Every Day is Saturday

Finding Joy in the Here and Now

Why I think “12 Years a Slave” is a Terrible Movie

on October 31, 2013

 Movie Theatre

Oscar buzz be damned; I hated this film.  I realize that A LOT of people feel just as passionately about it the other way, and that my opinion is just that – an opinion.  But I have good reasons for being pissed off that I lost two hours of my life watching a movie that could have been transformational, but was, for me, a purposeless excursion into voyeurism.   Allow me to explain.

If you break the movie down into its component parts there is a lot to recommend it.  Truly fantastic performances by the entire cast, excellent direction, beautifully photographed. The characters weren’t as multi-dimensional as one would hope, but it’s difficult to create empathy for a slave owner (and Benedict Cumberbatch comes as close as anyone I’ve seen), and possibly too easy to create empathy for the slaves (in one scene a woman cries uncontrollably for her children from whom she was separated, and it rang a bit hollow to me).  Michael Fassbender was mesmerizing in his meanness and madness as another of the main character’s (Solomon Northup) “owners”, and his performance was a real joy.  And Chiwetel Ejiofor who plays Northup is so deft an actor that we see his inner journey plainly on his face; he has no need for words.

Why then do I say I hated this movie?  Not for what it is, but for what it could have been, and wasn’t.  I don’t understand why the filmmakers would choose to make the entire movie about the titular twelve horrific years of slavery endured by Northup and not spend any time showing us what he did AFTER.  Yes, it was unthinkable what happened to this educated, talented, respected man, but come on – we get it!  You’re not telling us anything we didn’t already know, so the only reason I can think for making that choice is that the movie is some sort of vehicle for Brad Pitt who produced it and whose character (who appears in two scenes) waxes eloquent on the evils of slavery and ultimately takes the action that leads to Solomon’s release.  The final scene in the movie is Solomon’s reunion with his family, which is, not unexpectedly, tearful and moving.  Yawn.  Sorry, but yawn.

After the screen fades on the family group hug, a couple of paragraphs appear to tell us that Solomon Northup spent pretty much the rest of his life writing and speaking about the horrors of slavery and pursuing the abolition thereof.  We are told that because of his personal experience the anti-slavery movement gained more traction than had been the case prior to his abduction.

This, to me, is the real story.  Not the suffering – the redemption.  I didn’t want the movie to dwell on the misery; I wanted it to show us how Northup transformed it into something real and lasting.  Show us that his suffering had purpose, that it meant something.  I feel like the movie makers, even in their attempt to honor this man’s story, have failed spectacularly to do what they clearly set out to do.  Yes, he survived his ordeal, and that was a feat of itself.  But, with respect, it’s just the beginning.  Think about Nelson Mandela, another person who was unjustly imprisoned and horribly mistreated.  If his story ended the day he walked out of that prison, if he had just returned home and lived out his days in obscurity, his ordeal would have been quickly forgotten.  The power of Mandela’s story, as well as Northup’s, is in how they didn’t let what happened to them stop them for fighting for what was right.  Neither of these men allowed the memories and the anger about the years they lost overwhelm them; they used it to forward a great purpose.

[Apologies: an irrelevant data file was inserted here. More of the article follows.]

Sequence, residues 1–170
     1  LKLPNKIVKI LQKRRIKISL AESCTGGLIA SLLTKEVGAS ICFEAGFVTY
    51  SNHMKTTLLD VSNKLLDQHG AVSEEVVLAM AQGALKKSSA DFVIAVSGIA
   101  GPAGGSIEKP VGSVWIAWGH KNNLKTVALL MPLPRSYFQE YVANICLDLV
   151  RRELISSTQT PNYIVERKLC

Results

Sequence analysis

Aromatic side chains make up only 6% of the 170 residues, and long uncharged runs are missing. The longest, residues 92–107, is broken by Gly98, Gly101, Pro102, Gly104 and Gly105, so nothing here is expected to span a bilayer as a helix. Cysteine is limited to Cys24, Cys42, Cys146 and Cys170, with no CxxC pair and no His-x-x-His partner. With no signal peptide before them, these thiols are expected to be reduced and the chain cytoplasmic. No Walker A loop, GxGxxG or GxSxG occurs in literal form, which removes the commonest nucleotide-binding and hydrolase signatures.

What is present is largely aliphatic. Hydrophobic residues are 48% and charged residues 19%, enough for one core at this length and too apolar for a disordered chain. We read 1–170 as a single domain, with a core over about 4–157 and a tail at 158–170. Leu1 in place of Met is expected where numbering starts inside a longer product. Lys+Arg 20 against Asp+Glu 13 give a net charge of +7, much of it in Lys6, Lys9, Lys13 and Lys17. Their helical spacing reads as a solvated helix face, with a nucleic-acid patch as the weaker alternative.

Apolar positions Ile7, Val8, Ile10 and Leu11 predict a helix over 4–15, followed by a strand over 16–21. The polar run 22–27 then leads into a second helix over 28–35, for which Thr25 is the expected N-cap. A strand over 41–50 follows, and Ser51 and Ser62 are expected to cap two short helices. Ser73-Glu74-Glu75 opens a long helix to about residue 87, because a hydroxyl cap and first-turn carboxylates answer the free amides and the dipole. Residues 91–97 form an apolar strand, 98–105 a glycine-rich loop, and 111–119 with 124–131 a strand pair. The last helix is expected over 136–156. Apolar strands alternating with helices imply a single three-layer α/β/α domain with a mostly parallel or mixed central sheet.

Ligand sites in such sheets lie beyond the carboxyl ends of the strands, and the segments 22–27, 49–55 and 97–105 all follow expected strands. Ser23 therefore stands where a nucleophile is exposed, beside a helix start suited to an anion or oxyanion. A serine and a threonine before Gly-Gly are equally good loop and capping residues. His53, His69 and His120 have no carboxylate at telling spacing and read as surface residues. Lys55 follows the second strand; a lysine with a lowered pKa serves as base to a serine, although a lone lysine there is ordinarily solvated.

That’s what I want to see.  That’s the lesson here.  That’s the real story.

I recognize that the movie is based on the book Solomon Northup wrote about his years as a slave.  I’m not suggesting that those years be ignored – indeed, the enormity of his achievement would be diminished if the depth of his suffering was not portrayed.  But to leave us at that moment, before the healing begins, before the recognition that those years didn’t have to be a total waste, that something good could come from it – it felt empty.  That moment, though touching, was not a happy ending.  The movie just ended, and I felt cheated.

So, yes, I hated it because it could have been inspiring, but instead, it was just depressing.  If you want to see a good movie, go see “Rush”.


Thanks for reading my blog!  If you want to know more about me and my journey, check out my book “Everyday is Saturday” on Kindle.  The book is part diary, part memoir, about the first year after I was laid off from my dream job.  I think it has something to say to anyone who is struggling with change.

photo credit: gtall1 via photopin cc


2 responses to “Why I think “12 Years a Slave” is a Terrible Movie

  1. Davis says:

    I am not sure how I happened on your blog. But I really like your considered approach to your topics – I too am bored by canned predictable responses which are down a (political) line and do not reflect thoughtfulness. Your blog is refreshing. Thanks.


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